Intended for healthcare professionals

Practice Rational Testing

Investigating vitamin B12 deficiency

BMJ 2019; 365 doi: https://doi.org/10.1136/bmj.l1865 (Published 10 May 2019) Cite this as: BMJ 2019;365:l1865

Re: Investigating vitamin B12 deficiency

There was a doctor who developed some neurological symptoms (intermittent numbness on the left side of the face, left hand or left knee) a few weeks after an episode of shingles affecting the left side of the body. He saw a specialist who decided to check his Serum B12 and Serum Folate levels.

The B12 level was low (135ng/L) and the Folate levels were normal (7.9 micrograms/L). Intrinsic Factor antibodies were negative. It was recommended that the doctor start receiving intramuscular hydroxocobalamin injections. However, the doctor did not want to receive intramuscular injections for the rest of his life. He was aware that many of his patients had low B12 levels which returned to normal without treatment. It also seemed to him that his symptoms did not correspond to any of the B12 deficiency neurological syndromes (e.g. peripheral neuropathy or sub-acute combined degeneration). In view of this he said that he did not want the hydroxocobalamin injections.

The doctor's GP was very understanding and it was agreed not to treat, but to repeat the tests. However, the doctor did agree to follow his wife's advice to add a small amount of yeast extract on a slice of bread to his diet occasionally.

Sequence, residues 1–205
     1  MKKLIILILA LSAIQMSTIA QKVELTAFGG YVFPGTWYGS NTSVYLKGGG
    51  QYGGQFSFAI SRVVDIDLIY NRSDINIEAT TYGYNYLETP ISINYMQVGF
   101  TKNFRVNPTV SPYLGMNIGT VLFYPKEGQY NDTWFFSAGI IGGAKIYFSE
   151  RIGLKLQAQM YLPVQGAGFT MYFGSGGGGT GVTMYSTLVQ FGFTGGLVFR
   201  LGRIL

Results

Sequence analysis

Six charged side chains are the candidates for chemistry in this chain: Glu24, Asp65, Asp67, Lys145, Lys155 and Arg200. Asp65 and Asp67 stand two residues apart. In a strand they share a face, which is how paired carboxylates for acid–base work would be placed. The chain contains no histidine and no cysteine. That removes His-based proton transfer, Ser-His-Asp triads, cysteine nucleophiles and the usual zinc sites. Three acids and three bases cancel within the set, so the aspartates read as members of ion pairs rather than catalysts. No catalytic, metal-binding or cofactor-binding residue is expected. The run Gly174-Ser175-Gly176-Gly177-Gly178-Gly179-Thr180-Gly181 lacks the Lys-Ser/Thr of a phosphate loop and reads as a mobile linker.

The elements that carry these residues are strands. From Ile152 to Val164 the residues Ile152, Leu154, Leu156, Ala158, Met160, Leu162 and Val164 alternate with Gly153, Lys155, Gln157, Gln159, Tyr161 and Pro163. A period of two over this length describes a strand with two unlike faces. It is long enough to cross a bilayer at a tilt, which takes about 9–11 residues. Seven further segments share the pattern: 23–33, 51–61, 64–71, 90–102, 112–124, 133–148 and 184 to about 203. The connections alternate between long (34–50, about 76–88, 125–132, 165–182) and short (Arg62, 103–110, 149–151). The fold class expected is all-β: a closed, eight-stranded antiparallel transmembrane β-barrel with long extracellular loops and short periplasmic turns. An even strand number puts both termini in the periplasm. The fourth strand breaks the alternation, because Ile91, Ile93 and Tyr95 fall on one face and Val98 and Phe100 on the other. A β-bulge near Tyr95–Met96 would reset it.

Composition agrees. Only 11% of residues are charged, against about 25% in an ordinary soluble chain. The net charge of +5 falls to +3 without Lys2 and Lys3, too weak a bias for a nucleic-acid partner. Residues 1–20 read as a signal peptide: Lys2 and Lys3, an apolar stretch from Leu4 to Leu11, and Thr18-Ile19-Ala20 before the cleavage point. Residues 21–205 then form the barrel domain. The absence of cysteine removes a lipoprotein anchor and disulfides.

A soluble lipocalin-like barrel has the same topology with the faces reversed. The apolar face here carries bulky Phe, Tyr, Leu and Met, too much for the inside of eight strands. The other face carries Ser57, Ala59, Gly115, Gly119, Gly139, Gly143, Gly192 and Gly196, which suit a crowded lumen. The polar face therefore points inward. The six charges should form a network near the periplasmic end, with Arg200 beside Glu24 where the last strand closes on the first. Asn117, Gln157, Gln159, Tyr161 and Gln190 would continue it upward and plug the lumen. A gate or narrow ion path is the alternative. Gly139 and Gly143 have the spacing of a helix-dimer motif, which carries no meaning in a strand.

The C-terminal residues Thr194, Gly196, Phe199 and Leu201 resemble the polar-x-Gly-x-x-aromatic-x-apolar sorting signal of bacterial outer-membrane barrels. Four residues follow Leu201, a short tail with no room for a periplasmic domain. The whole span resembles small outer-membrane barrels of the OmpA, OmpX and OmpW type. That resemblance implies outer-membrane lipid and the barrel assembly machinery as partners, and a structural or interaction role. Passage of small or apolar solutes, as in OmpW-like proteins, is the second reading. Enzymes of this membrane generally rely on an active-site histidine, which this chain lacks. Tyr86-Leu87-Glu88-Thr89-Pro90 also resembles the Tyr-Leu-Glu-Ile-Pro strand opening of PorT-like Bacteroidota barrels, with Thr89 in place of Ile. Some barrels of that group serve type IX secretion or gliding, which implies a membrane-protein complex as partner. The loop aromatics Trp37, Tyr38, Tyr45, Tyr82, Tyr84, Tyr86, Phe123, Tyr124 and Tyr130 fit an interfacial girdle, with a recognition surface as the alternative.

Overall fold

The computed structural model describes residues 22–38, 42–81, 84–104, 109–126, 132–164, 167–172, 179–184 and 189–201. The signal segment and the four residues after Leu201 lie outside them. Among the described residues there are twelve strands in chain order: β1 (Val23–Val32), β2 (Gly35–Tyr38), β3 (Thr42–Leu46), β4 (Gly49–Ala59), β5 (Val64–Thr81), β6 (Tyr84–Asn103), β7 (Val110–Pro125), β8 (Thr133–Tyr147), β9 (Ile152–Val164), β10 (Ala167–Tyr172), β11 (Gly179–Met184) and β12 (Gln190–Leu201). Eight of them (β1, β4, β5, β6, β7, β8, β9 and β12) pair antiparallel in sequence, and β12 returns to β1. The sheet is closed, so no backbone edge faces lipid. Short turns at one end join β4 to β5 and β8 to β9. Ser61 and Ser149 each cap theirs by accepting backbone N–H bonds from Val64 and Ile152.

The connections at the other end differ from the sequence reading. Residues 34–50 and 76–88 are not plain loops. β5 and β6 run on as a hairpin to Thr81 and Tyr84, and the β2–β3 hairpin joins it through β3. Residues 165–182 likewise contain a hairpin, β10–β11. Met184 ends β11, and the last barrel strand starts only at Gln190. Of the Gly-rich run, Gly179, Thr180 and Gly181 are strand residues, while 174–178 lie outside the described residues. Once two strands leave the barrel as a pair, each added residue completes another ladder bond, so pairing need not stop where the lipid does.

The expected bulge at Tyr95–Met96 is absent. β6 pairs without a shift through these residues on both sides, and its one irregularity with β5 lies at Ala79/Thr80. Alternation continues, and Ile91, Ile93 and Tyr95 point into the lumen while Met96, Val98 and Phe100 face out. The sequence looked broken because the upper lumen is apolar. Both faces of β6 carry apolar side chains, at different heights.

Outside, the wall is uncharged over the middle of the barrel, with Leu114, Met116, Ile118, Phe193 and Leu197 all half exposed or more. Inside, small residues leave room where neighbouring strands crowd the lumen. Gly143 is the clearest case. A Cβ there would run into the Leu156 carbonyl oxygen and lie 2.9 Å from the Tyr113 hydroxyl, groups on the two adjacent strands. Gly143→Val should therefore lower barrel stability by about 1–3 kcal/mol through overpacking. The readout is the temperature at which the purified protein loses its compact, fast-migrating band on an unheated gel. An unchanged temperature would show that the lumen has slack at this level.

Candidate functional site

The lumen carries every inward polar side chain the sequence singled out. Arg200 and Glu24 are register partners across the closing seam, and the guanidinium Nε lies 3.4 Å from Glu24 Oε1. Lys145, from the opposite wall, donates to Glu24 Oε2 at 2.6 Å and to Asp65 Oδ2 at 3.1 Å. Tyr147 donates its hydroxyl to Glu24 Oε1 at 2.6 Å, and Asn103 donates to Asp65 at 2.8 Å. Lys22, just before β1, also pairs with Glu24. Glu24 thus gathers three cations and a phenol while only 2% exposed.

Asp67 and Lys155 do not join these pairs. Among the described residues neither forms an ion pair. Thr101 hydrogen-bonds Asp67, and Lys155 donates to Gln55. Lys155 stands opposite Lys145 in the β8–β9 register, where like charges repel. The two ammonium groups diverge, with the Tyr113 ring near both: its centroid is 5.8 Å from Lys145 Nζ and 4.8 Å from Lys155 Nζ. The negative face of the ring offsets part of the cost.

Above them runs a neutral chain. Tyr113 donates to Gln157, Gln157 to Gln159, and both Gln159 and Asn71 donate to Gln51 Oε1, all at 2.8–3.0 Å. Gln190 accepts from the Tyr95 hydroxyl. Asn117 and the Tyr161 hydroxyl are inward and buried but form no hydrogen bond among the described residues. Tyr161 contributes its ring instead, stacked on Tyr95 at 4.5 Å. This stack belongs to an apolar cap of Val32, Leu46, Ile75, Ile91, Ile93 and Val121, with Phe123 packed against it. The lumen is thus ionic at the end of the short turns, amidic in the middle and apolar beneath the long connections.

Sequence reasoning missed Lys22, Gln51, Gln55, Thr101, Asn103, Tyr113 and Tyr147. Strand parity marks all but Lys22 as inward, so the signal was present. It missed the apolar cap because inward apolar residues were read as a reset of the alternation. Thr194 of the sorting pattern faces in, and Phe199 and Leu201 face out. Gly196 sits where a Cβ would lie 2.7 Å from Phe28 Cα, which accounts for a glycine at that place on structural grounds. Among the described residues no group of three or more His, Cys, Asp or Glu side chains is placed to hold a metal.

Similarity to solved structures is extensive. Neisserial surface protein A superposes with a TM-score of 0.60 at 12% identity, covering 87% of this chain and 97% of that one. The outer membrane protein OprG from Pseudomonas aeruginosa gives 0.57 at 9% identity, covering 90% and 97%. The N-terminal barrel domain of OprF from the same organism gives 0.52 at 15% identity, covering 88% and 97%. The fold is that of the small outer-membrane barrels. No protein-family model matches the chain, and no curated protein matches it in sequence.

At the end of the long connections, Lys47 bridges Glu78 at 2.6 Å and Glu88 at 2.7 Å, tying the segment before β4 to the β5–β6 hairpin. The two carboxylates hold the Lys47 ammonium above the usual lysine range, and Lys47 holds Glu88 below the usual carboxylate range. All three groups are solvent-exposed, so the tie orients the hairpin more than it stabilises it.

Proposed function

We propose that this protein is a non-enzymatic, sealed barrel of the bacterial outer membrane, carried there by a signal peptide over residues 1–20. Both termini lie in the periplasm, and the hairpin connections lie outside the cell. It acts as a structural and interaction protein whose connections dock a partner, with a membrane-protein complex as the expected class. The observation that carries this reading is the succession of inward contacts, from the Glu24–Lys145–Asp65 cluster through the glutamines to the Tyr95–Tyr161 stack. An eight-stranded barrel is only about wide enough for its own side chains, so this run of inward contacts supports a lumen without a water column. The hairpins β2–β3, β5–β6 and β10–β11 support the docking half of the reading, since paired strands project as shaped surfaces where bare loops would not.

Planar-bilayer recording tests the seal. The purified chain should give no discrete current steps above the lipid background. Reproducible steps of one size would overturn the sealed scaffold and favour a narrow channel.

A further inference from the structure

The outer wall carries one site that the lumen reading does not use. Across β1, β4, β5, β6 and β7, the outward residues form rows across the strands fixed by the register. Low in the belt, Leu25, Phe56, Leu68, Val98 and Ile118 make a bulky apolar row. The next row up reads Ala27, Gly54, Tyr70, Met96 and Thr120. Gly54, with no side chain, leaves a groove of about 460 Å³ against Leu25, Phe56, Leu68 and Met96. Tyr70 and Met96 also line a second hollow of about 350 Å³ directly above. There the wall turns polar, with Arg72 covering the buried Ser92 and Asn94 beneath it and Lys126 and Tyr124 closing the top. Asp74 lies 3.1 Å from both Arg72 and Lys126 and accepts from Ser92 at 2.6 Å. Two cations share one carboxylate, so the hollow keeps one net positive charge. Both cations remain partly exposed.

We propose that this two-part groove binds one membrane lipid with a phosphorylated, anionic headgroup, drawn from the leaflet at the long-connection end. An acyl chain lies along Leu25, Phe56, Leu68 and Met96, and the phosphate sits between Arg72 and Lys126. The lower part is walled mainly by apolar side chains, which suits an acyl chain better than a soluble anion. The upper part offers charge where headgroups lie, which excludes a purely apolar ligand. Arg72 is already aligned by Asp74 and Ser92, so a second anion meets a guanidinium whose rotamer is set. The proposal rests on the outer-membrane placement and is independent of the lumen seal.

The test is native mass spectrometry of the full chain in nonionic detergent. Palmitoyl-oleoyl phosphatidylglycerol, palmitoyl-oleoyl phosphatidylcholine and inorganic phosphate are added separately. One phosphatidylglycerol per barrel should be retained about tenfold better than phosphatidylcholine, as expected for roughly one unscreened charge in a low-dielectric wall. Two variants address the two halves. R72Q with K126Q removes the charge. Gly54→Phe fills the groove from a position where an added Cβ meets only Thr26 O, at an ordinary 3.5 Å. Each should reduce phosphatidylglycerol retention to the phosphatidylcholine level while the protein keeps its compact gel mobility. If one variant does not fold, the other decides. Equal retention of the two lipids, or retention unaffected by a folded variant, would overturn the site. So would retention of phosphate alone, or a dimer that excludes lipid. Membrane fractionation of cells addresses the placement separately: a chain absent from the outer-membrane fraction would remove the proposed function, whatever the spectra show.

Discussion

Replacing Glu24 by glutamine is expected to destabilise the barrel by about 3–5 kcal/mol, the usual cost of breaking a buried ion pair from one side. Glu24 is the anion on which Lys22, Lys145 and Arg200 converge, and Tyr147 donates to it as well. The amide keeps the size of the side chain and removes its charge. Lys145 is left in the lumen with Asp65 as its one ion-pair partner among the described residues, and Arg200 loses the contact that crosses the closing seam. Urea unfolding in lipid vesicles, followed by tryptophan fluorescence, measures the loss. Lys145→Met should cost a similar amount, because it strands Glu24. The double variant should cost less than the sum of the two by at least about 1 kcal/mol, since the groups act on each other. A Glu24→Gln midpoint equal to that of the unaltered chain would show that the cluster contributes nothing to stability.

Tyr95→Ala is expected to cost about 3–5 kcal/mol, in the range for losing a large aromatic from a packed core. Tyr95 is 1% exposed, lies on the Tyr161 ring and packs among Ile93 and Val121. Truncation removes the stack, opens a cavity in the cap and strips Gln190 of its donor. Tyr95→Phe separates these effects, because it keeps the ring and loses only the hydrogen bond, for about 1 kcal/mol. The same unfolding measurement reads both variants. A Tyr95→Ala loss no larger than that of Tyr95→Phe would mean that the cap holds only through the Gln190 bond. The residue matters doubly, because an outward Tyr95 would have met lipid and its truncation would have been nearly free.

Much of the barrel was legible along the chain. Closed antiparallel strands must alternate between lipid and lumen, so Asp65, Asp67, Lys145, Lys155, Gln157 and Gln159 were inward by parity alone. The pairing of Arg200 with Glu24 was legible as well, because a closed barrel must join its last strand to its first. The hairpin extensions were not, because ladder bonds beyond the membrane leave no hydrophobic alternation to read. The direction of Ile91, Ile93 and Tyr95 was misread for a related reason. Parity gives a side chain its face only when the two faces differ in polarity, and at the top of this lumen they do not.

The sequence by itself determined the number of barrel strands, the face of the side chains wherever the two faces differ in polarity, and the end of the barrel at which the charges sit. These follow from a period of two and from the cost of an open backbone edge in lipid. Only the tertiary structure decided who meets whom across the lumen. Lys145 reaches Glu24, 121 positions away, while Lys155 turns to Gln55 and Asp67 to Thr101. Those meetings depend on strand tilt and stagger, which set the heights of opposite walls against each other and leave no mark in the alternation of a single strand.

The tests were repeated a few months after the original test. They showed normal B12 levels (221ng/L) and low Folate levels (2.8micrograms/L). However, the doctor did not want to start treatment with daily folic acid for the rest of his life.

The doctor's GP was very understanding and it was agreed not to treat, but to repeat the tests.

The tests were repeated a little while later. They showed normal B12 (285ng/L) and normal Folate (4.2 micrograms/L) levels.

The doctors neurological symptoms have been investigated by another specialist who has not insisted on treatment for B12 (or Folate) deficiency. The symptoms have been improving despite no treatment for B12 deficiency or Folate deficiency.

I am that doctor.

Are we overtreating patients with low B12 levels?

Does the BMJ article encourage the overtreatment of patients with low B12 levels?

Competing interests: No competing interests

24 June 2019
Peter D Gibson
Consultant Geriatrician
North Manchester General Hospital